videotape. Jennifer Lopez and George Clooney are both outstanding as a thief
and a lady cop entwined in an illicit romance.
8. The Truman Show.
Peter Weir's The Truman Show is the only unqualified blockbuster on my
list. Jim Carrey's star power was the attraction. But were audiences ready for
the depth and passion of his performance as Truman Burbank, the man whose whole
life has been shown on television? With Ed Harris as the God-like Christof, The
Truman Show gives us the battle of God (dressed in black) and Man (in a city of
white) broadcast 24 hours a day.
9. A Simple Plan.
Thanks to a brilliant screenplay by Scott B. Smith (based on his own book),
and directed in a surprising turn by Sam Raimi, A Simple Plan thoroughly
explores greed, darkness, and fate, as two brothers and a friend discover $4
million in a crashed plane. It's a movie Fritz Lang would have been proud
10. Little Voice.
The secret of Mark Herman's Little Voice lies in its song selection. Jane
Horrocks plays a shy woman who, in order to connect with her dead father, does
vocal impressions of Judy Garland, Billie Holiday, Shirley Bassey, and others.
Horrocks perfectly captures the sadness of these singers in her performance, and
I was moved to tears during one number.
Selecting the list is not always painless, as one must leave off little
treasures. Runners-up that I also recommend are:
Beloved (Jonathan Demme),
Dark City (Alex Proyas),
Gummo (Harmony Korine),
Pi (Darren Aronofsky),
Rushmore (Wes Anderson); not opening in the Bay Area until Febraury,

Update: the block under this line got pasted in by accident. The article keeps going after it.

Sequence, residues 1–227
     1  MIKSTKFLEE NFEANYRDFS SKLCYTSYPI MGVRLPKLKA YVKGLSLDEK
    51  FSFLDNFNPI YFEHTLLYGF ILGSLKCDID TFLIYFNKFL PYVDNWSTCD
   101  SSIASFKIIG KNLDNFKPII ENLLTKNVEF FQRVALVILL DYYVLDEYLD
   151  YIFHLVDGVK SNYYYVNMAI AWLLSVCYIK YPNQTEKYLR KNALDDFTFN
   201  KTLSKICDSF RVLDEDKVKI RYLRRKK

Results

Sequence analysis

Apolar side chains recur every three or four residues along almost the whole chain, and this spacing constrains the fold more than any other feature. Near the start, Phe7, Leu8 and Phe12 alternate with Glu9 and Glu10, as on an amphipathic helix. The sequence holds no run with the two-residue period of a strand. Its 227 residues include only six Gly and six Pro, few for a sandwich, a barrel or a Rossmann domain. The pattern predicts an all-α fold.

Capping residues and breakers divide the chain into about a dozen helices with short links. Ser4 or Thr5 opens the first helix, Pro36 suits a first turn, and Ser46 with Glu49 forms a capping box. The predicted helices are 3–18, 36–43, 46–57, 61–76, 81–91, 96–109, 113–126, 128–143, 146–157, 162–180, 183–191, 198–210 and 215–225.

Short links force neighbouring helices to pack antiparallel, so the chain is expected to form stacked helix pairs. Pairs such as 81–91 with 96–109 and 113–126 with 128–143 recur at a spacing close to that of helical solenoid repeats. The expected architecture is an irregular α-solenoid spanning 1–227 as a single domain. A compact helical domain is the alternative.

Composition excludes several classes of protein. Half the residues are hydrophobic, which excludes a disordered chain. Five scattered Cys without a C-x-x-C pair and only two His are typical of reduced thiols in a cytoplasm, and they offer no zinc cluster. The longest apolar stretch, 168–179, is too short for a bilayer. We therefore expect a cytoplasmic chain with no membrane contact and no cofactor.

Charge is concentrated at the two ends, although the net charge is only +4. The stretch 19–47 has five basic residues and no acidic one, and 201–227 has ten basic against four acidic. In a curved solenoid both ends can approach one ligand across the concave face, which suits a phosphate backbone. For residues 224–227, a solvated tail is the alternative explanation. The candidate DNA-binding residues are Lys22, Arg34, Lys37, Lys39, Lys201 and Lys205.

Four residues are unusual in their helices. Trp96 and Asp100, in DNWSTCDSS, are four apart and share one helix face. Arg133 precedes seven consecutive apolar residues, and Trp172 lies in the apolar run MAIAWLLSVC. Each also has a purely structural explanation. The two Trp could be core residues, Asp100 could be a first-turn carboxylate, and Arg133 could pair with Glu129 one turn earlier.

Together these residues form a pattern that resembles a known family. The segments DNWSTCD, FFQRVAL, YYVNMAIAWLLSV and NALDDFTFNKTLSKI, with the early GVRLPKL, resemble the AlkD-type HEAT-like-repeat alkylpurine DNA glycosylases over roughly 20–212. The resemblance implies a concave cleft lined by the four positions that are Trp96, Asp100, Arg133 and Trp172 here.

Saving Private Ryan (Steven Spielberg),
Shakespeare in Love (John Madden),
There's Something About Mary (Bobby & Peter Farrelly),
Twilight (Robert Benton),
Voyage to the Beginning of the World (Manoel de Oliveira)
The Big Lebowski (Joel Coen),
Bulworth (Warren Beatty),
Chinese Box (Wayne Wang),
Down in the Delta (Maya Angelou),
The Eel (Shohei Imamura),
Fallen Angels (Wong Kar-wai),
Fear and Loathing in Las Vegas (Terry Gilliam);
Small Soldiers (Joe Dante),
Smoke Signals (Chris Eyre),
Two Girls and a Guy (James Toback)
Guilty Pleasures and "B" Movies
An Alan Smithee Film: Burn Hollywood Burn (Alan Smithee/Arthur Hiller),
Blade (Stephen Norrington),
Bride of Chucky (Ronny Yu),
Dream for an Insomniac (Tiffanie DeBartolo),
First Love, Last Rites (Jesse Peretz),
Following (Christopher Nolan),
The Gingerbread Man (Robert Altman),
Pecker (John Waters),
Rounders (John Dahl),
Space Truckers (Stuart Gordon),
Spice World (Bob Spiers),
Vampires (John Carpenter),
Wild Things (John McNaughton),
Zero Effect (Jake Kasdan)
1998 was also an amazing year for revivals. Studios realized that good money
could be made cheap by dragging older movies out to the theaters. My special
thanks for: The Universal Horror Series (Castro), tributes to Robert Bresson and
Samuel Fuller (PFA), the re-release of three Orson Welles films, Citizen Kane,
The Lady from Shanghai and the re-edited Touch of Evil, Nights of Cabiria
(Federico Fellini), Gone with the Wind and The Wizard of Oz (Victor
Fleming), Mean Streets (Martin Scorsese), Badlands (Terrence Malick),
Grease (Randal Kleiser), Enter the Dragon (Robert Clouse), The Young Girls
of Rochefort (Jacques Demy), Repulsion (Roman Polanski), The Last Emperor
(Bernardo Bertolucci), and The Beyond (Lucio Fulci).
I Am Also Thankful For:
The first 30 minutes of Snake Eyes
J.T. Walsh's final performances in The Negotiator and Pleasantville
Samuel L. Jackson and Kevin Spacey just talking in The Negotiator
Jet Li kicking ass in Once Upon a Time in China and America and Lethal Weapon 4
The Simpsons, Maximum Bob, and Sports Night -- a good year for television.